Alan's Class (1996/7)



by Ana I. González

Fiji is a group of more than 320 islands in the Pacific Ocean, but for me it also has a special meaning because "Fiji" is the name of my mother’s perfume, so when I hear it I am reminded of perfume!
Read on and find out all about this island paradise of ideal weather, exotic wild flowers and uncrowded islands surrounded by clear waters....

General introduction


The archipelago of Fiji comprises over 330 islands of which about 100 are inhabited. Some of them are like deserts with no source of fresh water. Fiji's two largest islands are Viti Levu and Vanua Levu, which make up more than 85% of the nation's land mass. The third biggest island is called Taveuni.

The larger islands are volcanic and the wind gives each island a wet and a dry side. The smaller islands are mostly coral.


There are approximately 780.000 inhabitants, with the following ethnic breakdown:


English is the official language and is taught at school. Native Fijians speak various Fijian dialects, and many inhabitants are Hindustani speakers.


Car rentals are available almost everywhere. There are taxis in major urban centres. Driving is on the left-hand side of the road.


All commerce is carried on in Fiji Dollars.


The native Fijians are Methodists. Indians are 70% Hindu and 25% Muslim.



Fiji's economy is primarily agricultural. Fiji exports:

Products for domestic consumption include:

Other economic activities

I am not sure if they use their small islands commercially but you can also buy an island.

The main islands

Viti Levu

Viti Levu is the largest island, 146 km long and 106 km wide. It covers an area of 10,389 square km. It is where almost 80% of the population live.

The climate is tropical, with an annual temperature of 27º. Vegetation varies according to rainfall:

The highest point in the island is mount Tomaniivi (1,323 m.)

The island's airport is at Nadi, and 20 km away by car is Lautoka, the second largest city. The island is surrounded by a modern highway which makes driving around the island easy.

Places to visit

The people are regarded as Polynesians. There is a strong Tongan influence. In a village on the Lau island of Labeta they hold an annual ceremony in which shark are summoned.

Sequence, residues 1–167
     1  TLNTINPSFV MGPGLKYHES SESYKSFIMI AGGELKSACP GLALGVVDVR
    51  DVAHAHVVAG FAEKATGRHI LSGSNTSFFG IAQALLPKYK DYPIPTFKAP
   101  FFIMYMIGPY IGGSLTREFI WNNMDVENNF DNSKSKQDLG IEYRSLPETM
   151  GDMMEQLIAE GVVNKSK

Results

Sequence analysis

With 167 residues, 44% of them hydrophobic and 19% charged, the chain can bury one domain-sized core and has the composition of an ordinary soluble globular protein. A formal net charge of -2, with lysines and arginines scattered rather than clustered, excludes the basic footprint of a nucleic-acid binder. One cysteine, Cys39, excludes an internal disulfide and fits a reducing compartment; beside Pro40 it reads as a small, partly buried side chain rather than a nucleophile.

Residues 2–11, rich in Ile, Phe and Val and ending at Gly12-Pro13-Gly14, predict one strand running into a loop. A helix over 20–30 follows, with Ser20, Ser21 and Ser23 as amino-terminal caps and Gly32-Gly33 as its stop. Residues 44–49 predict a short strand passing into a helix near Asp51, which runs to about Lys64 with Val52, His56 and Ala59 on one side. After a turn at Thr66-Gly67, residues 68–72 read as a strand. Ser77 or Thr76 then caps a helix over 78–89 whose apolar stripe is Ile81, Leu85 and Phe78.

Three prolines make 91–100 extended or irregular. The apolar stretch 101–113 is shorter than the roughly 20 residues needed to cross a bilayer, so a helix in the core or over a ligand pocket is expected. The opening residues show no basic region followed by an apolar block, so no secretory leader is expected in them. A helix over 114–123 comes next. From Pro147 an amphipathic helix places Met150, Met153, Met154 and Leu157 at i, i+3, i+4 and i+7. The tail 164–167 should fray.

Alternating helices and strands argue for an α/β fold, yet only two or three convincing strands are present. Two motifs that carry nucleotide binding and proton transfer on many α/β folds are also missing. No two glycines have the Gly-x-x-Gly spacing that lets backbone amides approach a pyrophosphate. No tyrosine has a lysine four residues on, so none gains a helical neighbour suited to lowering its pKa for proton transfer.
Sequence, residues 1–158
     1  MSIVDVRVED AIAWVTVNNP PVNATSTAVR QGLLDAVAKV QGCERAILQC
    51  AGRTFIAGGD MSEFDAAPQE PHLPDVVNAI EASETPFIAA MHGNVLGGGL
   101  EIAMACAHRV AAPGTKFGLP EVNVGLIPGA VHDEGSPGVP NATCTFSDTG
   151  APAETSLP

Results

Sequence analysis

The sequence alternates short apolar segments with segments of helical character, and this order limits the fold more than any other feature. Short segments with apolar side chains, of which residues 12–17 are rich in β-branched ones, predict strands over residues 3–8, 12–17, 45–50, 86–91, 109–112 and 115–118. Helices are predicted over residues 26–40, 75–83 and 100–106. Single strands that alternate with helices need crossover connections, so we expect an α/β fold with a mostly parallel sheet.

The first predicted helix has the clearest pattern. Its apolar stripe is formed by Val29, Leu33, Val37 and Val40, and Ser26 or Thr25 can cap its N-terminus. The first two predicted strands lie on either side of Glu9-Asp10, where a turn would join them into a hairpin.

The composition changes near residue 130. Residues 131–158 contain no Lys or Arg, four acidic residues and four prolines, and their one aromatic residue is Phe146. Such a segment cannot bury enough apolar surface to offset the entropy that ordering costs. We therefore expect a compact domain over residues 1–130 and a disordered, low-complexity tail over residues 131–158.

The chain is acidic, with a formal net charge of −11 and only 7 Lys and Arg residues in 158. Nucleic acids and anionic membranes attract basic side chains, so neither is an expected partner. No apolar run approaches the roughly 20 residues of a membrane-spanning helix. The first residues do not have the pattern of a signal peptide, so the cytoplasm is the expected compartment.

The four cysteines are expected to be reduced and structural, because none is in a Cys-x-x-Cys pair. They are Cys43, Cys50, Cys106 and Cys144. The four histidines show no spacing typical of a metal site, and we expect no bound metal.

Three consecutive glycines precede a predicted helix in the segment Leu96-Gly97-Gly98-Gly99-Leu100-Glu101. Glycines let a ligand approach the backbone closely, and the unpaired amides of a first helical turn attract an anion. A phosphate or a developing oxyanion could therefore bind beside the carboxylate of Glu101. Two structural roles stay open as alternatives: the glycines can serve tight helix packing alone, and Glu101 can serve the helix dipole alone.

Vanua Levu

The second largest island of the Fiji archipelago is Vanua Levu, with a population of approximately 130,000. It is 180 km long and 33 km wide. Surrounded by coral reefs, the island is less developed and less frequented by tourists; in consequence it offers a better opportunity to observe local tradition and culture.

There are two big villages:

Things to do

History and Culture

First Contact

In 1800 the American schooner Argo was wrecked on Bukatatanoa reef. Only one crewman died that night. The following day some natives from Oneata island arrived in canoes taking everything aboard not knowing what the things were. This was the first real contact of Fijians with people from beyond the Pacific.

The Argo crew were forced to live among the islanders but some of them were slaughtered and devoured. One man, named Oliver Slater, formed alliances with powerful Fijians chiefs. He used his musket to terrify enemies and win battles, thus winning the Fijians' confidence.

The contact between the Argo’s crew and the Fijians caused an epidemic, because the Fijians had never been exposed to the germs of the rest of the world and had no immunity. During several month the spread of disease devastated the population and left the villages empty and abandoned.

Three years later a Spanish ship named "El Plumier" rescued Oliver Slater, the only survivor of the Argo. He spent several months in the "Plumier" before being taken to Sidney.